Number of positive virological samples from birds or the environment, by province* and origin
Click to enlarge

Figure 2. Distributions of low* and highly pathogenic H7N9 virologically positive samples (nLPAI=238; nHPAI=39) collected from birds or the environment, by sampling location, between October 2016 and 28 March 2018. Samples from the same location and time are grouped.

Number of positive virological samples from birds or the environment, by province* and origin
Click to enlarge - *may contain unconfirmed HPAI at the time of publishing

Figure 3. Distributions of low* and highly pathogenic H7N9 virologically positive samples (nLPAI=274; nHPAI=45) collected from birds or the environment, by sample origin between October 2016 and 28 March 2018. Samples from the same origin, location and time are grouped.

Incidence of officially reported human cases by week, based on onset date
Click to enlarge - *may contain unconfirmed HPAI at the time of publishing

 

Humans

  • Since the last update (28 February 2018), no new human case was reported.
  • For detailed informationon human cases, please refer to WHO report.

Figure 4. Number of officially reported human cases since February 2013 as of 28 March 2018. Data include both high and low pathogenic H7N9 viruses

Incidence of officially reported human cases by week, based on onset date
Click to enlarge

Figure 5. Incidence of officially reported human cases by month, based on onset date from October 2013 (Beginning of wave 2) to 28 March 2018. Both high and low pathogenic H7N9 viruses are included.

Incidence of officially reported human cases by week, based on onset date
Click to enlarge - Note: For cases with unknown onset dates from wave 2 (n=2), wave 3 (n=146), wave 4 (n=27) and wave 5 (n=55), reporting dates were used instead.

Figure 6. Phylogenetic relationships of different A(H7N9) virus isolates from 2013 until September 2017

Incidence of officially reported human cases by week, based on onset date
Click to enlarge - Note: The candidate vaccine viruses available or in preparation appear in blue. The scale bar represents the number of substitutions per site. Bootstrap supports of topology are shown above selected nodes. Taken from WHO report ‘Antigenic and genetic characteristics of zoonotic influenza viruses and development of candidate vaccine viruses for pandemic preparedness’ – September 2017 [reference].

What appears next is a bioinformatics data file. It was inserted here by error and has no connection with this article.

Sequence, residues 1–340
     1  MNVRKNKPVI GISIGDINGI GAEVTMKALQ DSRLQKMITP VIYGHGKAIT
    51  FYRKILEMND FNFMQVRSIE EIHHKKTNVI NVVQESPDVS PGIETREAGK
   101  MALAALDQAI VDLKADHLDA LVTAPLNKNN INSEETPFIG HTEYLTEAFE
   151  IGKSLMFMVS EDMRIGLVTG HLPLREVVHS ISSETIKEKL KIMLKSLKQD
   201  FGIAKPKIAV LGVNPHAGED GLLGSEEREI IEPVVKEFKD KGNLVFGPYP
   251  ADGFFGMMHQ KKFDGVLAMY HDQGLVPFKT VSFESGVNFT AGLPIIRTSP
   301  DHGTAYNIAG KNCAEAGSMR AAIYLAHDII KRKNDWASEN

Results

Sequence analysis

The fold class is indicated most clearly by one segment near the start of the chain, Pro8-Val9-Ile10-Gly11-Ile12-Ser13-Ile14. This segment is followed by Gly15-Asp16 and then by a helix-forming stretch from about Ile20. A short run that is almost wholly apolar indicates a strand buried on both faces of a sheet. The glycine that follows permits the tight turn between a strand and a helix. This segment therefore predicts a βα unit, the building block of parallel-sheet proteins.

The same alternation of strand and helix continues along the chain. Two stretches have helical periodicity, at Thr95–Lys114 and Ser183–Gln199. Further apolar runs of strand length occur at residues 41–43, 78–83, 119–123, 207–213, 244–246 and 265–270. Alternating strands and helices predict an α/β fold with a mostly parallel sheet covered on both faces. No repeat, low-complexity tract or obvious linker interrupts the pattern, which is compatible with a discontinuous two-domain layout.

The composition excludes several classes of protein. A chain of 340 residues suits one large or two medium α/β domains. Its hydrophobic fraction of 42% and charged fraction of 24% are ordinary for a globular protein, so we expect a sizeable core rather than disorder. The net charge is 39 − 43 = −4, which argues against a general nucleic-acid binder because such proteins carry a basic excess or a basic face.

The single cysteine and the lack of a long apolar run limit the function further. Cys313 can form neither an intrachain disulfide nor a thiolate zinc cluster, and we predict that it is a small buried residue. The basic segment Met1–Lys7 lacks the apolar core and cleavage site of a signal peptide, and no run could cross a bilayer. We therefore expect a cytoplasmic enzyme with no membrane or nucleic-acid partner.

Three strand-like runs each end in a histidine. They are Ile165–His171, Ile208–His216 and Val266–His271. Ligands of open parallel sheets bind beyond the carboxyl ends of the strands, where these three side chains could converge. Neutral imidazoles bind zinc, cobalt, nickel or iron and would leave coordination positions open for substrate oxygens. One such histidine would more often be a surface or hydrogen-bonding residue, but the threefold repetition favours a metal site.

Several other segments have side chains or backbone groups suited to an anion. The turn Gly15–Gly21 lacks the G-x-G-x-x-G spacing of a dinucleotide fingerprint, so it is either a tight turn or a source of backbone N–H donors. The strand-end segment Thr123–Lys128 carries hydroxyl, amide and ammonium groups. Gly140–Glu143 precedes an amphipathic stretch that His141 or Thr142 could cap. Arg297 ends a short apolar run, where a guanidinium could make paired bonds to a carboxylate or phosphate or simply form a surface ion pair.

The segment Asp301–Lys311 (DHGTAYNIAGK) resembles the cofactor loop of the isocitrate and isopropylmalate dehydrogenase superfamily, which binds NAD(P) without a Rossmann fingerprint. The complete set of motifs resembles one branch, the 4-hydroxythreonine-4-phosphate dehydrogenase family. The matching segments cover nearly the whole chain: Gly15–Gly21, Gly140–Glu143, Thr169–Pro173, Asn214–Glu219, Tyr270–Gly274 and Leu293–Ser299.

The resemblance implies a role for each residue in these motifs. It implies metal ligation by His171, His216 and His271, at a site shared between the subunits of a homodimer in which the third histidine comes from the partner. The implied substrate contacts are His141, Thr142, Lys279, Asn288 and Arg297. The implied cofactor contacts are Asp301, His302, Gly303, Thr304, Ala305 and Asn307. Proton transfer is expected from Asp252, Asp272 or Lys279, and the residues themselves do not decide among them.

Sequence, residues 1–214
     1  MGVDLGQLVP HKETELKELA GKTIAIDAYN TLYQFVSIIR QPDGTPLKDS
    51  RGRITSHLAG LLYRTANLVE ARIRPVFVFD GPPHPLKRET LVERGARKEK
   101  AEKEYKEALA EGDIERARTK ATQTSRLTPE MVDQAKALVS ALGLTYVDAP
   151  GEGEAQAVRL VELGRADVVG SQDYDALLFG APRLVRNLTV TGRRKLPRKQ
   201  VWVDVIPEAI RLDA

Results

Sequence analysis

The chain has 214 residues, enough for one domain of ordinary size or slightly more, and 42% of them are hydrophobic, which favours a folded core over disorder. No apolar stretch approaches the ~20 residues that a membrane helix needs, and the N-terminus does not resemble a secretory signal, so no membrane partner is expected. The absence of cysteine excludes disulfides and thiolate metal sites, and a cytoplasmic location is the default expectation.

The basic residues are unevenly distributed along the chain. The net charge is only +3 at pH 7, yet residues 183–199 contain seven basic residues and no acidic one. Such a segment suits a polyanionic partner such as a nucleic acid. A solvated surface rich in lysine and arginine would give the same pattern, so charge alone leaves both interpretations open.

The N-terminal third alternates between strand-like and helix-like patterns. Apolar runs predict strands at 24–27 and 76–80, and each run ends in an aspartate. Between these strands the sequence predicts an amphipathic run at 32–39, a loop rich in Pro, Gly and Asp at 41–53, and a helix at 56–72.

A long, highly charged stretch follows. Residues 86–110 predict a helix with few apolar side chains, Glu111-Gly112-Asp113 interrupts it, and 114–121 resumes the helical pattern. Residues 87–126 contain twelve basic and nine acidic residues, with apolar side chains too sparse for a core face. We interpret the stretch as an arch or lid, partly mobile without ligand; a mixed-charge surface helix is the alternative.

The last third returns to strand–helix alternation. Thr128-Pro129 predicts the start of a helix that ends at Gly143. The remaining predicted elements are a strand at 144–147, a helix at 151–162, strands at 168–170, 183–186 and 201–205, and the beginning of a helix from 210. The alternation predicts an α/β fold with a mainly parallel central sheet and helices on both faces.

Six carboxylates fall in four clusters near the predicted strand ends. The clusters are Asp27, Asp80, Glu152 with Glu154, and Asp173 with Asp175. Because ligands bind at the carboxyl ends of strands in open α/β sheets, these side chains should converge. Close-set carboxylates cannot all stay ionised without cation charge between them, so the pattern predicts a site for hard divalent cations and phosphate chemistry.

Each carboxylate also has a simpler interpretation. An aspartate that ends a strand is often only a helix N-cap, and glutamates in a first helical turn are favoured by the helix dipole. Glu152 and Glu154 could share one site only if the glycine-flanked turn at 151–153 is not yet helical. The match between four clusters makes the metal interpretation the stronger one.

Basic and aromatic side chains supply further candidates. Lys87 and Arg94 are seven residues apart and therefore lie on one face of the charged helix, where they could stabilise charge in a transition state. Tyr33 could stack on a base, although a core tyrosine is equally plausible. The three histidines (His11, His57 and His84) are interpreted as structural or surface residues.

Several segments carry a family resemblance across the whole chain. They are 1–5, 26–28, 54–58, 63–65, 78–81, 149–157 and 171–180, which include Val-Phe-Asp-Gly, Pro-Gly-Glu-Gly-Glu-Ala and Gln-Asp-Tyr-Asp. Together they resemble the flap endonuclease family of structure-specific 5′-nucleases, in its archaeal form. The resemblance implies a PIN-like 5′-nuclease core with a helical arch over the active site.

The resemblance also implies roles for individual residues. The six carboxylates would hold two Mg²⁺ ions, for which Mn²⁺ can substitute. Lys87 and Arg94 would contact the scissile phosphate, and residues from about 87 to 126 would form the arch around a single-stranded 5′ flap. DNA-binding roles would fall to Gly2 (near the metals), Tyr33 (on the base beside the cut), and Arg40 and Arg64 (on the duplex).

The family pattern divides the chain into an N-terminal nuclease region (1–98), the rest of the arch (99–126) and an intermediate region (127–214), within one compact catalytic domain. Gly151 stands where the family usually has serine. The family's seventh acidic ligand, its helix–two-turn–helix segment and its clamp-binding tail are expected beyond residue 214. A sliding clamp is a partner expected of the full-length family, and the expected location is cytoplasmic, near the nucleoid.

Publications  

  • Yao Y., Zhang T., Yang W., Shao Z., He B., Chen X., […], Chen J. Avian Influenza A (H7N9) Virus in a Wild Land Bird in Central China, Late 2015. Virologica Sinica, 2018 March 5. doi: 10.1007/s12250-018-0001-x. [reference]. This study reports the first isolation of H7N9 virus from a magpie-robin (Copsychus saularis) in Hubei Province, Central China, in late 2015. Genetic analysis showed that it shares a common ancestor with the poultry H7N9 viruses from Jiangxi in 2014.
  • Quan C., Shi W., Yang Y., Yang Y., Liu X., Xu W., [...], Bi Y. New threats of H7N9 influenza virus: the spread and evolution of highly and low pathogenic variants with high genomic diversity in Wave Five. Journal of Virology, 2018 Mar 21. pii: JVI.00301-18. doi: 10.1128/JVI.00301-18. [reference]. In this study, the geographical distribution, phylogeny and genetic evolution of 240 H7N9 viruses in Wave Five (October 2016 to September 2017), including 35 new isolates from patients and poultry in nine provinces, were analyzed together with strains from the first four waves. The enhanced prevalence and diverse genetic characteristics with mammalian-adapted and NAI-resistant mutations may have contributed towards increased numbers of human infections in Wave Five.
  • Qi X., An X., Jiao Y., Yu H., Xu K., Cui L., […], Bao C. Co-circulation of multiple genotypes of influenza A (H7N9) viruses in eastern China, 2016-2017. Archives of Virology. 2018 March 14. doi: 10.1007/s00705-018-3800-3. [reference]. In this study, 41 H7N9 viruses from patients and live-poultry markets were isolated and full-sequenced to further elucidate the genetic features of viruses of the fifth wave in Jiangsu province; and the HA genes of other H7N9 viruses from humans (n = 91) and the environment (n = 32) were also sequenced (data not shown). Phylogenetic analysis revealed substantial genetic diversity in the internal genes, and 18 genotypes were identified from the 41 H7N9 virus strains. Data also revealed that the 41 isolates from Jiangsu contained mutations in their haemagglutinin protein (HA), which may increase the ability of these viruses to bind the human receptor. Four basic amino acid insertions were not observed in the HA cleavage sites of 167 H7N9 viruses from Jiangsu.

FAO actions:

  • FAO published a risk assessment update entitled, “Chinese-origin H7N9 avian influenza: spread in poultry and human exposure” [reference]
  • FAO guidance and risk assessments are available on a dedicated website [link]
  • Liaise with China and partners, monitor situation, monitor virus evolution, conduct market chain analysis, risk assessment, surveillance guidance and communication.

FAO’s support to countries